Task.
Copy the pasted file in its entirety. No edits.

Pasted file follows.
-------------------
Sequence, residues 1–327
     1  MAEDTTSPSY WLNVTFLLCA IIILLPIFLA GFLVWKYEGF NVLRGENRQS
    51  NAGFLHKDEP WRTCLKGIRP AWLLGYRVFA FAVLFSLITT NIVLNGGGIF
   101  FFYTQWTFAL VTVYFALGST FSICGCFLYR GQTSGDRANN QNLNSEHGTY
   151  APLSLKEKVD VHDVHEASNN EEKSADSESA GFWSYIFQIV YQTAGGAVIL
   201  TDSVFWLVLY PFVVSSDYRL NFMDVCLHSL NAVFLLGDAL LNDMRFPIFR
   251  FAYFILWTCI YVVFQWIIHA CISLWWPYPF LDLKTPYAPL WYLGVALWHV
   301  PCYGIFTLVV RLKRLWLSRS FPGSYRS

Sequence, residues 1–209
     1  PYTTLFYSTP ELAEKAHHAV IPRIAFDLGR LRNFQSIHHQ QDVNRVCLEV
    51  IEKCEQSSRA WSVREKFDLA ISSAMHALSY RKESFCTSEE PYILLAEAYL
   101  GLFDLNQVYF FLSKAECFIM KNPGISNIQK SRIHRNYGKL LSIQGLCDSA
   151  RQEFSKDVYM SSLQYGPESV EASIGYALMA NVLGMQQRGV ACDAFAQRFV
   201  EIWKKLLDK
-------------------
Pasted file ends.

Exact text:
Sequence, residues 1–327
     1  MAEDTTSPSY WLNVTFLLCA IIILLPIFLA GFLVWKYEGF NVLRGENRQS
    51  NAGFLHKDEP WRTCLKGIRP AWLLGYRVFA FAVLFSLITT NIVLNGGGIF
   101  FFYTQWTFAL VTVYFALGST FSICGCFLYR GQTSGDRANN QNLNSEHGTY
   151  APLSLKEKVD VHDVHEASNN EEKSADSESA GFWSYIFQIV YQTAGGAVIL
   201  TDSVFWLVLY PFVVSSDYRL NFMDVCLHSL NAVFLLGDAL LNDMRFPIFR
   251  FAYFILWTCI YVVFQWIIHA CISLWWPYPF LDLKTPYAPL WYLGVALWHV
   301  PCYGIFTLVV RLKRLWLSRS FPGSYRS

Sequence, residues 1–209
     1  PYTTLFYSTP ELAEKAHHAV IPRIAFDLGR LRNFQSIHHQ QDVNRVCLEV
    51  IEKCEQSSRA WSVREKFDLA ISSAMHALSY RKESFCTSEE PYILLAEAYL
   101  GLFDLNQVYF FLSKAECFIM KNPGISNIQK SRIHRNYGKL LSIQGLCDSA
   151  RQEFSKDVYM SSLQYGPESV EASIGYALMA NVLGMQQRGV ACDAFAQRFV
   201  EIWKKLLDK